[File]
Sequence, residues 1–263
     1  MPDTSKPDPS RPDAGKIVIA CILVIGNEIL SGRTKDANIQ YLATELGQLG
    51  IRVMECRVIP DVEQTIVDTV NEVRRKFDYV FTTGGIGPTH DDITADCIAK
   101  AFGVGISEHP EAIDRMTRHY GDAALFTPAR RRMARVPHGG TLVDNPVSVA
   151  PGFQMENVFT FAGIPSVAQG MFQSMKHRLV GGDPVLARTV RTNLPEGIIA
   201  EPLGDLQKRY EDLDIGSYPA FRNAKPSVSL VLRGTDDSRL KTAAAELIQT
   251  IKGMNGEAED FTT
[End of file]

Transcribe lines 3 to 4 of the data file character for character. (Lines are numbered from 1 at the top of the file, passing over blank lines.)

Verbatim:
    51  IRVMECRVIP DVEQTIVDTV NEVRRKFDYV FTTGGIGPTH DDITADCIAK
   101  AFGVGISEHP EAIDRMTRHY GDAALFTPAR RRMARVPHGG TLVDNPVSVA